California commission holds workshop, hearing on Blythe solar project

The California Energy Commission is holding a Nov. 12 workshop and a Nov. 19 evidentiary hearing on the proposed Blythe Solar Power Project Amendment.

The workshop will enable commission staff to discuss with the project applicant issues identified in the staff assessment for the proposed 485-MW solar photovoltaic project. Air quality, biological resources, paleontological resources, and soil and water resources will be discussed. The public can also ask questions.

The assessment, published Sept. 23 and Oct. 11, will serve as staff’s testimony at the evidentiary hearing held by a committee of two commissioners reviewing the project. The committee will issue a proposed decision based on evidence from the hearing. The proposed decision will be presented to the full commission for a final decision.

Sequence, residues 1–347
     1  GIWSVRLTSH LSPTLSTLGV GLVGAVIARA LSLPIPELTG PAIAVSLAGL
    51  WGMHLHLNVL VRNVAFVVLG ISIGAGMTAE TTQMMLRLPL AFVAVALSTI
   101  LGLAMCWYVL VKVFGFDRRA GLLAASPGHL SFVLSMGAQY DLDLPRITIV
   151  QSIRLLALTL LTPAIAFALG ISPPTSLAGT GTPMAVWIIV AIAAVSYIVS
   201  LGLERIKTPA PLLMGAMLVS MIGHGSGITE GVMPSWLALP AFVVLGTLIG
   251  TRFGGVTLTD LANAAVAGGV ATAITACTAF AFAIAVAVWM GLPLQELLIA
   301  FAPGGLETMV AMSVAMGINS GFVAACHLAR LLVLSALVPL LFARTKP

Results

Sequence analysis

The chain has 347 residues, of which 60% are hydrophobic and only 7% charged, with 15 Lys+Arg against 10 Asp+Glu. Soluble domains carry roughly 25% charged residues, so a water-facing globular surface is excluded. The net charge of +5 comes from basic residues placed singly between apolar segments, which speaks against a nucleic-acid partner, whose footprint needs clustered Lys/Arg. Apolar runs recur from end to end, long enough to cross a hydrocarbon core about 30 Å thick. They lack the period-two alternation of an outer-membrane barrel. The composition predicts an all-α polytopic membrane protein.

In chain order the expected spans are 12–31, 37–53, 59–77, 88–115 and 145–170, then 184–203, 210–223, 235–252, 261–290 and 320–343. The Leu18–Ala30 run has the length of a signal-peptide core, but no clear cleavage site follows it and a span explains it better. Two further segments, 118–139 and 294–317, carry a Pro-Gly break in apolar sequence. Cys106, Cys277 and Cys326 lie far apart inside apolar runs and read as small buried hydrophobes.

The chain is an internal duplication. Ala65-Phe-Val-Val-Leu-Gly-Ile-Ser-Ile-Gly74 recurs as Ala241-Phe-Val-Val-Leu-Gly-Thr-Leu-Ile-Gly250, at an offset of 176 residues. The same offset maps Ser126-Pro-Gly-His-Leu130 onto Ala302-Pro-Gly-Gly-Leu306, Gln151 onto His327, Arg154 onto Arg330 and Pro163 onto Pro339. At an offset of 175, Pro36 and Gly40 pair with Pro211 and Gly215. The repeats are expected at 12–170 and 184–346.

In September 2010, the commission approved the 1,000-MW Blythe Solar Power Project, a solar thermal power project using parabolic trough technology. The site is located about eight miles west of Blythe in eastern Riverside County. It was originally to be built on 7,043 acres of federal public land managed by the U.S. Bureau of Land Management (BLM).

The project owner, Palo Verdes Solar I LLC, a subsidiary of Solar Millennium, filed an amendment with the commission in June 2012 to change the technology to solar photovoltaic. In April 2013, the new project owner, NextEra Blythe Energy Center LLC, a subsidiary of NextEra Energy (NYSE: NEE), filed a revised amendment to reduce the project’s physical size and generation capacity.

The 485-MW project would be developed on 4,070 acres of BLM land in four phases, with the first three consisting of 125 MW and the fourth generating 110 MW. The estimated capital construction cost is $1.13bn, according to the project owner.

About Barry Cassell 20414 Articles
Barry Cassell is Chief Analyst for GenerationHub covering coal and emission controls issues, projects and policy. He has covered the coal and power generation industry for more than 24 years, beginning in November 2011 at GenerationHub and prior to that as editor of SNL Energy’s Coal Report. He was formerly with Coal Outlook for 15 years as the publication’s editor and contributing writer, and prior to that he was editor of Coal & Synfuels Technology and associate editor of The Energy Report. He has a bachelor’s degree from Central Michigan University.